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SBA Helps Homeowners and Renters, Too

Release date: 
June 28, 2002
Release Number: 
1418-14

Indianapolis, IN -- Some individuals and families may be confused when they apply for disaster assistance and then receive a loan application from the U.S. Small Business Administration (SBA). The first thought that runs through their minds is "I'm not a business." But, don't let the SBA name fool you. In a disaster, SBA low-interest loans are the primary source of financial assistance for homeowners and renters as well as business owners.

SBA has issued more than 100 loan application packets to flood victims, but only six had been returned at close of business yesterday. If you receive an SBA packet, you should complete and return it as soon as possible. SBA officials point out that completing their application does not obligate you to take a disaster loan, but if the application package is not returned, it may delay other forms of disaster assistance. Help with completing the application materials is available at any Disaster Recovery Center or by calling the SBA Hotline at 800 359-2227.

Renters may be eligible for up to $ 40,000 for personal property losses, while homeowners may receive $200,000 for repairs or rebuilding their home and $ 40,000 for personal property. Low-interest disaster loans are currently 3.375 percent.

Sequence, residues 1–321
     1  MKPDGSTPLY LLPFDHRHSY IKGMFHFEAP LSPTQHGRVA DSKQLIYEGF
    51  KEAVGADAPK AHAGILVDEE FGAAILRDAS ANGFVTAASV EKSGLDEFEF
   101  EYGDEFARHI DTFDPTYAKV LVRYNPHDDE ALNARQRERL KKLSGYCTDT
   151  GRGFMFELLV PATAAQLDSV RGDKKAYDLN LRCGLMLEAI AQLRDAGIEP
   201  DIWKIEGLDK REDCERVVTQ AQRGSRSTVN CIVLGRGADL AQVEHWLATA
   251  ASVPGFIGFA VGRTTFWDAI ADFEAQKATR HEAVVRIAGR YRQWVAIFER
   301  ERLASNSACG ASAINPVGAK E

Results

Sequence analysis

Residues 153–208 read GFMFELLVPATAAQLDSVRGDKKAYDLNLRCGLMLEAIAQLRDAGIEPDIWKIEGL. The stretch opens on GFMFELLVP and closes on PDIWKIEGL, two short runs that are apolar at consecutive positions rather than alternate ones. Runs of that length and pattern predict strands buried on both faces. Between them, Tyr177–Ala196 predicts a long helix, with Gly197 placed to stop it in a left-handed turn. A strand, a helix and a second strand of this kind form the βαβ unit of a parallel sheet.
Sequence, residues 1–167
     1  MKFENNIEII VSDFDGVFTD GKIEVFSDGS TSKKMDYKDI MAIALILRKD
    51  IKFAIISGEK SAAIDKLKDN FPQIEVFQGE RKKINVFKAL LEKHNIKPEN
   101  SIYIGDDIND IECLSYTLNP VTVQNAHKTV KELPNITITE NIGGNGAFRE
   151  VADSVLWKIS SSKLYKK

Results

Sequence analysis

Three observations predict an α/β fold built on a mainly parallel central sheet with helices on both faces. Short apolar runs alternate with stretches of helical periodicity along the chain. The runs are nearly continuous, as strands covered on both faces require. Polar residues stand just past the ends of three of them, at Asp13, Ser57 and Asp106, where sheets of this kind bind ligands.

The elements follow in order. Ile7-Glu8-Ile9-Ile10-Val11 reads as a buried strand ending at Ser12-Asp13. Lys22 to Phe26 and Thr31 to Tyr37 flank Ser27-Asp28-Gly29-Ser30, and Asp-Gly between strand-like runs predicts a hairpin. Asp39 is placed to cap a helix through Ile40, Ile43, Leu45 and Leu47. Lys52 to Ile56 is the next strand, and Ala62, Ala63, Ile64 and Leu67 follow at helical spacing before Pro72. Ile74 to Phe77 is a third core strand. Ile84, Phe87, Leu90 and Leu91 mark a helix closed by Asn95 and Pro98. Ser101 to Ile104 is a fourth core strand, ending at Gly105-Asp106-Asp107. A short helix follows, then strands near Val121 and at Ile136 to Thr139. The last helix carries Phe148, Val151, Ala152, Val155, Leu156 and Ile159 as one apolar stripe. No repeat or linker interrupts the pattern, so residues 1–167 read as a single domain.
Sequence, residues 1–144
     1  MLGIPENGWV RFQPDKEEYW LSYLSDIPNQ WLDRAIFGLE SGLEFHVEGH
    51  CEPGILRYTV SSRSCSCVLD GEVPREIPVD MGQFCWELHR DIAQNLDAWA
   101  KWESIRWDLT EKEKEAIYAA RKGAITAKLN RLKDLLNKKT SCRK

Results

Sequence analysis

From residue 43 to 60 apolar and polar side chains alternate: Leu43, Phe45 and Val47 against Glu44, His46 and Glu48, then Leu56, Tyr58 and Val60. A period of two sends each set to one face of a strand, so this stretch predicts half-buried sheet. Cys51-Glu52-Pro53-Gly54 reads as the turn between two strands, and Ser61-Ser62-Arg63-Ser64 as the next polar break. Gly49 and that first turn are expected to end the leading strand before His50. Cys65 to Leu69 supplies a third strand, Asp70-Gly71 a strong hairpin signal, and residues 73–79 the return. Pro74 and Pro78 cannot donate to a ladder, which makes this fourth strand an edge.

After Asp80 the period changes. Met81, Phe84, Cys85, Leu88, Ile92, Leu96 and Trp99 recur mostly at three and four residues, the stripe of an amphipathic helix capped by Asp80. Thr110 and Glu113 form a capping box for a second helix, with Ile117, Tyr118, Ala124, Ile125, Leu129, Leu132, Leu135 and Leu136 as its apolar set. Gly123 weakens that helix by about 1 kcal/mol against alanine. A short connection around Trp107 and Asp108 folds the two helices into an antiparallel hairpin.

If, for any reason, applicants are found to be ineligible for a low-interest loan, they will automatically be referred to the Individual and Family Grant (IFG) Program. This program provides grants to meet serious disaster-related needs and necessary expenses not covered by insurance or available through other federal, state or voluntary agency disaster assistance programs.

The IFG program is administered by the state, with the Federal Emergency Management Agency (FEMA) providing 75 percent of the funds and the state providing 25 percent.

Business owners are only eligible for loans, up to $1.5 million. These are designed to repair or replace destroyed or damaged business facilities, inventory, machinery, equipment, etc., not covered by insurance. Businesses of any size are eligible. Non-profit organizations such as charities, churches, private universities, etc are also eligible. Loans also may be available to small businesses for working capital to carry them through the recovery period.

Last Updated: 
July 16, 2012 - 18:46
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